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Tuesday, January 31, 2023

In a year of shrinking state funds, UF President Bernie Machen is pleased to see two numbers stay the same: 49 and 17.

UF remains No. 49 of top national universities and No. 17 for top public universities in U.S. News & World Report's 2009 America's Best Colleges lists.

UF was ranked No. 13 in the 2007 list of top public universities but dropped four spots in the 2008 edition.

Machen's long-touted goal of making UF a top 10 public university seemed less plausible this year with more than $47 million cut from this year's budget, which forced about 70 faculty and staff layoffs.

"Some people around here were talking that way…" Machen said in a telephone interview. "But I knew we had gotten better in some things, so I wasn't that worried that we'd go down."

Enter Forbes…

This year there's a new number to look at.

Earlier this month, Forbes.com ranked UF No. 167 among all undergraduate schools and No. 16 for top public universities in the magazine's first-ever list of America's Best Colleges. Machen said it would be a few years before the rankings on the Forbes list seemed right.

He said there is "something wacko" if University of Michigan is ranked No. 20 on the U.S News list for top national universities, but ranked a few spots above UF at No. 161 by Forbes.

He said UF should have moved up from its No. 17 spot on the U.S. News list, but the group's ranking system adds weight to faculty resources - an area "where we're weak."

In July, Machen announced the first raise in two years for faculty and staff to help employees deal with higher costs of living. The $11 million plan, which goes into effect Sept. 19, will award merit-based raises to some of UF's 5,400 faculty members and an across-the-board 2 percent or $600 raise - whichever is more - to more than 8,300 staff members.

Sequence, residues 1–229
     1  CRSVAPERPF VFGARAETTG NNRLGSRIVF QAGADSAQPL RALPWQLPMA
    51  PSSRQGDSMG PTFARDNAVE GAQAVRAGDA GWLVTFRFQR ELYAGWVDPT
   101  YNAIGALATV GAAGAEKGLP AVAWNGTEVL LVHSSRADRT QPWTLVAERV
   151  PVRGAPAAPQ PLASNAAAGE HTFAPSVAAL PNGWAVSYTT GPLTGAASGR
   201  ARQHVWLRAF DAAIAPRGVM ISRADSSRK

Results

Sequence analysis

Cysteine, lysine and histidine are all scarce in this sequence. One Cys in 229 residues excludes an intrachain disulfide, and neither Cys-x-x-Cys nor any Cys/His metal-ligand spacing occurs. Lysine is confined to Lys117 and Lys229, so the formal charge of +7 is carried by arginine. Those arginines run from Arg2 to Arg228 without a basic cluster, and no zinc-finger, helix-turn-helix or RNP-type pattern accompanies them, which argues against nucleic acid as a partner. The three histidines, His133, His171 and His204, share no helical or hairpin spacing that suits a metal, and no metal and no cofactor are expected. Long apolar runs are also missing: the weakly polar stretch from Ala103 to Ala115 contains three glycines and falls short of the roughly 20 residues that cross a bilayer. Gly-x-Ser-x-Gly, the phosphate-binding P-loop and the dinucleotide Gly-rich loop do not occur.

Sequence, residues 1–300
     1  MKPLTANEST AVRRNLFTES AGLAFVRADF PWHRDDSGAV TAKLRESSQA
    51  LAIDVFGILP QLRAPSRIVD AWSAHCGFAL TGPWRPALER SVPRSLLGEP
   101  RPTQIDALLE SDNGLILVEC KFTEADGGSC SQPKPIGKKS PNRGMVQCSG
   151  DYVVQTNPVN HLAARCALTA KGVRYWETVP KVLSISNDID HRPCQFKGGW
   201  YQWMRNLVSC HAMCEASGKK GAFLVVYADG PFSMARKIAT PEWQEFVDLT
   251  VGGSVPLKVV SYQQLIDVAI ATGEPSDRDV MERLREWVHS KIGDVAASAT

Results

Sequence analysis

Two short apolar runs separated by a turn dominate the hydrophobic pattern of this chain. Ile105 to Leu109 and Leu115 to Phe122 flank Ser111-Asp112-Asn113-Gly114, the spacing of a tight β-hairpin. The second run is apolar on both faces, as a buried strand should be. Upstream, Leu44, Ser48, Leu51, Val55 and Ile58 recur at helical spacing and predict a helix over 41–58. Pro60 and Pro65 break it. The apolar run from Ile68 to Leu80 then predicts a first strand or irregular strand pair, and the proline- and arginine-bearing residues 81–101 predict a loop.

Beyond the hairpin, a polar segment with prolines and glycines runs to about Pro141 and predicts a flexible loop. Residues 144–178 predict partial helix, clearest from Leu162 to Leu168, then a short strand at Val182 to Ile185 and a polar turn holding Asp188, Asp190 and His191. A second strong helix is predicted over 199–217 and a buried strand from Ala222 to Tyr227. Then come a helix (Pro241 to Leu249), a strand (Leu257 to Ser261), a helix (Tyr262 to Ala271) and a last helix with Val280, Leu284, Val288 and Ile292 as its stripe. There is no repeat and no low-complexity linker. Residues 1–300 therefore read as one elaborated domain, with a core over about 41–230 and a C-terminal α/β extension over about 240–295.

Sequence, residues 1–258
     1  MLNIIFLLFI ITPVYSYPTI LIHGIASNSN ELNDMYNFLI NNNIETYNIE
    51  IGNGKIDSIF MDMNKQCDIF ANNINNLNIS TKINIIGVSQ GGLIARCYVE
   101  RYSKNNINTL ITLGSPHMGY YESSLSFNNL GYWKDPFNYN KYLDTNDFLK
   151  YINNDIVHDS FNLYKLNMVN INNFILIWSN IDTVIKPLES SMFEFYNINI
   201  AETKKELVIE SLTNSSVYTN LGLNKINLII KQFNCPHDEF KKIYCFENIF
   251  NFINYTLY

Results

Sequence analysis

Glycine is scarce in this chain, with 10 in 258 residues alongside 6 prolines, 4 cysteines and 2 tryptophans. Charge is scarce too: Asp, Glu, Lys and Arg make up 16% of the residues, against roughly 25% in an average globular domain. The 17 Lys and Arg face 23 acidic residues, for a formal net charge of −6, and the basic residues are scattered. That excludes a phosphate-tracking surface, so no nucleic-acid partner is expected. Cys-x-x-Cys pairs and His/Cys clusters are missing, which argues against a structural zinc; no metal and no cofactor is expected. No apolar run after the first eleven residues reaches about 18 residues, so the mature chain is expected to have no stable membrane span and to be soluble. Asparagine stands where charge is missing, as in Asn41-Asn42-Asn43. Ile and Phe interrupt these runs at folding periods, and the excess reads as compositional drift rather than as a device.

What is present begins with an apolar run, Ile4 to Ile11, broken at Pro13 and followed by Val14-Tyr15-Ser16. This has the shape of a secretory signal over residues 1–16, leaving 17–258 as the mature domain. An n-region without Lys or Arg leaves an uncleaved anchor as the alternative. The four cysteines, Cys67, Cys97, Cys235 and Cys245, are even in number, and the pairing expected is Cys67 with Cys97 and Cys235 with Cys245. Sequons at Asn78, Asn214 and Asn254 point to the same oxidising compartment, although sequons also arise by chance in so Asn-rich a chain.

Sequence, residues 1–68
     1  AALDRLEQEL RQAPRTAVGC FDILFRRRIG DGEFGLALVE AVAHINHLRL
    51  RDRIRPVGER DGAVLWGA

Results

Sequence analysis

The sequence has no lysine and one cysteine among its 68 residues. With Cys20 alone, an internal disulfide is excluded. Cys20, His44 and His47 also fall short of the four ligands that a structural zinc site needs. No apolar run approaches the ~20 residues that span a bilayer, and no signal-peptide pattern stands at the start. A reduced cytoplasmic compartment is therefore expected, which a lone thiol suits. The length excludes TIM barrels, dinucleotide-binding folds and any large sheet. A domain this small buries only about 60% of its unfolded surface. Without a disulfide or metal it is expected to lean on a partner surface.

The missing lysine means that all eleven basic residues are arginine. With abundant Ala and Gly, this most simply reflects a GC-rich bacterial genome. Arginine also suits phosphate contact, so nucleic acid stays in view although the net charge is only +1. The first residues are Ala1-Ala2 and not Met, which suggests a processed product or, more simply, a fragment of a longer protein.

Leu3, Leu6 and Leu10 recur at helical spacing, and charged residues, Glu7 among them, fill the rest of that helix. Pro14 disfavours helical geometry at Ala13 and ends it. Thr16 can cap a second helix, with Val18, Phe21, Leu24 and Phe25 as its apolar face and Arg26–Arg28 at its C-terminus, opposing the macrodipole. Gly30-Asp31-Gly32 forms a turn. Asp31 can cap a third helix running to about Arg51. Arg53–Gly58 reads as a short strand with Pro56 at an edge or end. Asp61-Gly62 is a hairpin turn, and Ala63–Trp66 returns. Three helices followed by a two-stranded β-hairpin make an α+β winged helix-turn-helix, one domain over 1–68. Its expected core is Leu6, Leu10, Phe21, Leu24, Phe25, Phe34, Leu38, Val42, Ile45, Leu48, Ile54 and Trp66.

Ways to improve faculty resources and class sizes next year would be decided when that time arrives, he said.

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"I think we're in for another year or two of difficult times in the state," Machen said.

In order to join the ranks of the University of California-Berkeley and the University of Virginia, No.1 and No. 2 on the public universities rankings, Machen said UF needs the Florida Legislature to give him what UF needs most: more money.

Until that happens, Machen said the dream won't die because the Board of Trustees, UF's highest governing body, has clearly set cracking the top 10 as a goal.

"We pay attention to rankings," Machen said, "because parents and students do, and it really is a form of measurement."

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